After a Steep Drop, Is the Story Still Intact at Conn's?
Investors in appliance retailer Conn's have been singing the blues in 2014. There was a sharp share-price decline in February after the company issued a poor quarterly financial update that included rising customer payment delinquencies.
To make matters worse, the company also reduced its profit expectations for the coming fiscal year. The bad news put a damper on Conn's multi-year profit expansion story, which had led to a strong stock price performance over the past few years. However, with the company's shares now selling at a discount, is Conn's a good bet?
What's the value?
Conn's has successfully navigated a challenging retail environment by limiting its operations to a tight geographic area surrounding its home base of Texas, operating its network of roughly 80 stores in just a handful of states. The strategy allows Conn's to leverage its marketing and distribution costs across a meaningful number of stores, helping to offset its relatively low merchandise margin. The company is also an active participant in the financing of customer purchases; it funds roughly 70% of total sales, which provides a high-margin source of ancillary revenue.
Despite coming up short in its latest financial disclosure, Conn's has performed relatively well in FY 2014. It reported a 35.5% top-line gain through the first nine months of the year thanks to double-digit sales growth across its major product categories; performance was led by a torrid 70%-plus increase in the furniture/mattress area.
More importantly, the company's focus on the high-dollar-value appliance and mattress product lines has led to greater volume for its high-margin financing operations, providing a boost to Conn's operating profitability. The net result has been higher cash flow to fund inventory purchases and its store expansion program, as Conn's attempts to capture more customer market share in both existing and new geographies.
Looking into the crystal ball
Of course, a big part of Conn's story is its financial operation, which allows it to ring up sales that would otherwise go by the wayside. A reduction in its overall financing capabilities, potentially due to rising delinquencies, would put a crimp in Conn's growth story, making it look more like competitor hhgregg .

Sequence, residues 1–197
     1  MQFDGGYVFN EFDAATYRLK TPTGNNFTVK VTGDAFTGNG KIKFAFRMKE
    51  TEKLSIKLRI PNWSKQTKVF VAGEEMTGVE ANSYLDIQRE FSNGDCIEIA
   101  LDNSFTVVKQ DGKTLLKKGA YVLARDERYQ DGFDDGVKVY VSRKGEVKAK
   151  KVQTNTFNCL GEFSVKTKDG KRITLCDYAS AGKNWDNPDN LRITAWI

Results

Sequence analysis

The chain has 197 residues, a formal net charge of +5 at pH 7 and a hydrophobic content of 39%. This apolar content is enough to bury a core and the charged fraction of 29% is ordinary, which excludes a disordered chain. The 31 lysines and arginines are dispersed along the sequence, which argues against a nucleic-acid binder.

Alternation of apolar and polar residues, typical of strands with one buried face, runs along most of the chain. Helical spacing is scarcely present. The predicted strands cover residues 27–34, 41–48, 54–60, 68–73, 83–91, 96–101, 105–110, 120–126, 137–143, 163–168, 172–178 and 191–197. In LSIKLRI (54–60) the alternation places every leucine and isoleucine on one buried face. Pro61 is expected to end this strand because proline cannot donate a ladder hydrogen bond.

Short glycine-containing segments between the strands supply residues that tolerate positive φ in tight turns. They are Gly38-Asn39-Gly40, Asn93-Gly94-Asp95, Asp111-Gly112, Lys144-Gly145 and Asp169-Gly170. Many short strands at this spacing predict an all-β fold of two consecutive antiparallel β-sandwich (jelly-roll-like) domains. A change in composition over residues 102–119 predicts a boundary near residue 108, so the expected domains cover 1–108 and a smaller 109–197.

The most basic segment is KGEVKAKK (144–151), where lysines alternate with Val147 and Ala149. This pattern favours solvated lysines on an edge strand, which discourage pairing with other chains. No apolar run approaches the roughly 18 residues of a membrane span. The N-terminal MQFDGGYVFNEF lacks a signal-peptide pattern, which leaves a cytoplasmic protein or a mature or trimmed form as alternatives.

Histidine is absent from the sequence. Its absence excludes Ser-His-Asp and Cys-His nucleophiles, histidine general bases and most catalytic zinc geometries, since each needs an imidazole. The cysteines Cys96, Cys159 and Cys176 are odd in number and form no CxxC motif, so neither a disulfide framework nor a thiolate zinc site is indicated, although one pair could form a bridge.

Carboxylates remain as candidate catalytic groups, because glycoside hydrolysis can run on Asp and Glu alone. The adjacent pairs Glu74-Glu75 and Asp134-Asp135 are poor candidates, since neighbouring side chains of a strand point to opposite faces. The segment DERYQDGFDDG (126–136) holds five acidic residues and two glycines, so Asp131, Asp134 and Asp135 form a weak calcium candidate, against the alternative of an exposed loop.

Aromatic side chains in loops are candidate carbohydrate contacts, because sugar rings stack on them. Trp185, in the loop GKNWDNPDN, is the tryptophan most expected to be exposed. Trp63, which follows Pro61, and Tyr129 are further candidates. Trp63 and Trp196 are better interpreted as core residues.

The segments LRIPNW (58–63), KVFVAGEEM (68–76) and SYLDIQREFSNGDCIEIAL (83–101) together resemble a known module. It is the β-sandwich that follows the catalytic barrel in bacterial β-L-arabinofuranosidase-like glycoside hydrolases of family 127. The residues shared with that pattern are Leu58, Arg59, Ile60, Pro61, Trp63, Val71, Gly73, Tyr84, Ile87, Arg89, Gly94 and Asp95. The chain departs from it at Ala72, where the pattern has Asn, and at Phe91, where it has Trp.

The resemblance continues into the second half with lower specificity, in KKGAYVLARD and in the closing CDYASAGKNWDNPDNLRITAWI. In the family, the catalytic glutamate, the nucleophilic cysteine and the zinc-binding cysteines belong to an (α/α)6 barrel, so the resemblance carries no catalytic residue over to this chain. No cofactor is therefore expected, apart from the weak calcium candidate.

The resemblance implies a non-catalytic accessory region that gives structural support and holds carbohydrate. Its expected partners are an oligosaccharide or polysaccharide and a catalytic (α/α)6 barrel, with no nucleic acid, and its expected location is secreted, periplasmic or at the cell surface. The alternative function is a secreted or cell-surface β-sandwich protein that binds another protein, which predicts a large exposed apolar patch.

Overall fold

Despite a fairly similar product sales mix as Conn's, hhgregg has a notably worse operating margin, hurt by a lack of an internal financing operation. The company also has a much wider geographic footprint than its smaller rival, operating its store network across much of the eastern half of the U.S., including recent expansions into the Chicago and Milwaukee metro markets. hhgregg's greater geographic diversity gives it a more diverse customer base, but it also limits the company's ability to gain significant scale efficiencies in what is essentially a commodity business.
Strength in numbers
Conn's is well positioned to continue benefiting from purchases of appliances and furniture by a growing crop of new homeowners, notwithstanding recent housing market weakness. The negative trend in customer payment delinquencies, however, adds some uncertainty to the company's profit growth story. As such, investors looking to ride the appliance sales boom should probably take a pass on Conn's in favor of home improvement retail giant Home Depot , one of the country's largest sellers of appliances.
Home Depot, as well as competitor Lowe's, has been one of the biggest beneficiaries of the improving national housing market. The favorable condition has brought a rising number of customers into its stores, leading to an uptick in transaction volumes in its latest fiscal year. The company has also been hard at work trying to get those customers to up their purchase levels. It has done this partially by offering a larger selection of appliances from popular manufacturers as well as through incorporating a greater number of energy-efficient, EnergyStar certified products into its lineup.
The company's efforts in that area brought a good harvest to shareholders in FY 2013, helping to produce higher average transaction values and a strong 18% increase in Home Depot's operating income. More importantly, Home Depot's sizable free cash flow is providing surplus cash to invest in even greater product selection, furthering its competitive advantage against its rivals.
The bottom line
Conn's recent harrowing stock drop is pretty indicative of a market that believes the company's recent profit growth story may be coming to an end. While Conn's is certainly cheap, at a below-market P/E multiple of approximately 14, prudent investors should probably search for greener pastures elsewhere.
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The article After a Steep Drop, Is the Story Still Intact at Conn's? originally appeared on Fool.com.Robert Hanley owns shares of Conn's. The Motley Fool recommends Home Depot. Try any of our Foolish newsletter services free for 30 days. We Fools may not all hold the same opinions, but we all believe that considering a diverse range of insights makes us better investors. The Motley Fool has a disclosure policy.
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